As work from home due to COVID made a reappearance this past week, I found myself getting progressively more restless sitting indoors. The bedroom or living room were too boring and not conducive to me focusing on getting work or writing done. I wandered aimlessly from window to window, peering outside at the seemingly-normal world that seemed to taunt me. When would I be able to go outside again, I wondered peevishly. When would the virus finally admit defeat and leave us all in peace?
Amidst my mini-war with the virus, I suddenly stumbled across the perfect makeshift office space in the least expected corner of the flat – my balcony. Usually occupied by a bulky metal clothes’ horse and a couple of underwhelming plants left out to desiccate, the balcony looked out over an empty lot with a tree and comparative greenery (and a few small piles of garbage because that’s one thing we can’t escape in urban India…). To my fresh-air-starved mind, it was a tiny, veritable paradise!
I enthusiastically dug into the layers of filth coating the balcony floor. Normally, no one used the balcony to sit or read, so the floor’s dust content was of least concern. I beat a few years worth of filth from the black and grey tiles, and then organized and watered the poor plants. They looked stunned to be receiving any sort of attention and thirstily gulped down the offered water. I shifted the clothes horse to the living room (after all, the wet clothes could be hung on the terrace for a week) and brought a few more plants into the balcony. Step 1 – clean and beautify – was a success.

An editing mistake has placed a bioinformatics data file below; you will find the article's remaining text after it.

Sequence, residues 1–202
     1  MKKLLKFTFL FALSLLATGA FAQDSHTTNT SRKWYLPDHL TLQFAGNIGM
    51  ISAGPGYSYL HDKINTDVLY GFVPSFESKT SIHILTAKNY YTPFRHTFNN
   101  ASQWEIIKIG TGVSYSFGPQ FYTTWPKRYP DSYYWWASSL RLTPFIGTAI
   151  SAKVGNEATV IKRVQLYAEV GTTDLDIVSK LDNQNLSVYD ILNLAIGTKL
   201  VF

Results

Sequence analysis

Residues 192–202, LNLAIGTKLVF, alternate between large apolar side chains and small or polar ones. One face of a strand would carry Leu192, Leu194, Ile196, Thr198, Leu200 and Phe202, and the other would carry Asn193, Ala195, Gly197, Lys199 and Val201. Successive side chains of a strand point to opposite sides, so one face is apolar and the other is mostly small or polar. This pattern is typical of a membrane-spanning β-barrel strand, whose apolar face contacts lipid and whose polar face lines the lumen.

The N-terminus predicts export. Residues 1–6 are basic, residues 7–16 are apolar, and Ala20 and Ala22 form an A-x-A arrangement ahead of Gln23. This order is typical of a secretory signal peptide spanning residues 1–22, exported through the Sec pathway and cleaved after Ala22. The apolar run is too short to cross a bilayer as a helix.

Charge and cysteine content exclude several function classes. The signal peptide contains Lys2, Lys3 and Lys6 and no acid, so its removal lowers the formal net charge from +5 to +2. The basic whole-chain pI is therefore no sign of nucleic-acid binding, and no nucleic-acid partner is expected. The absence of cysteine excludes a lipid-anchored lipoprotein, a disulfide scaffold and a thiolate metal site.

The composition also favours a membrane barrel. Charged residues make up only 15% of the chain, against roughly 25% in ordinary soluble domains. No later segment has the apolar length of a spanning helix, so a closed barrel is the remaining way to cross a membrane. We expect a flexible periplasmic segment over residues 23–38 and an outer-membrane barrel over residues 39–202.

I carefully placed a woven straw mat, known as a chatai, on the floor, folding it into a thick square, and placed a floor pillow against the wall. Indian walls have a tendency to slowly and fondly cover you with white powdery paint, which I didn’t fancy having to clean from my clothes each day. The pillow would serve as a good barrier, and it was old enough that no one would scold me for dirtying it. Then, I brought my lap desk, which was the perfect height for sitting on the floor and working, and set it up. The balcony isn’t very broad, so if the table was against one wall, I could comfortably sit against the other wall, leaning against the pillow, and reach my laptop without stretching. Perfect!
The first day, I felt renewed. Sunlight drenched my face, caressing my hair and bringing a smile to my face. After being cooped up indoors, it felt like heaven. The plants responded to my presence by blooming a bit, and I found myself chatting to them, discussing the latest scientific paper I was reading with them. The chirping of birds was music to my ears, and the wind ruffled my curls. A pair of drongos fluttered around, too busy courting one another to pay me any heed. Black kites wheeled in the skies above, eyes peeled for prey. Pigeons cooed from the rafters, unseen but somewhere above my head, and a coucal uttered its haunting call every so often, reminding me to be as productive as my busy feathered neighbours.
My balcony is now my favourite haunt, my go-to spot to drink morning coffee, work on my PhD synopsis, or teach writing classes to children. In this past week, I have made friends with a variety of tiny critters, birds, and reacquainted myself with my plants. My mind is more alert here, and I’m less likely to munch on chips from the kitchen when I’m outside. A book is always within arm’s reach, as is my notebook and pen.
If work from home continues from another week, at least I know I won’t rot indoors. When you have a balcony, everything seems a little brighter.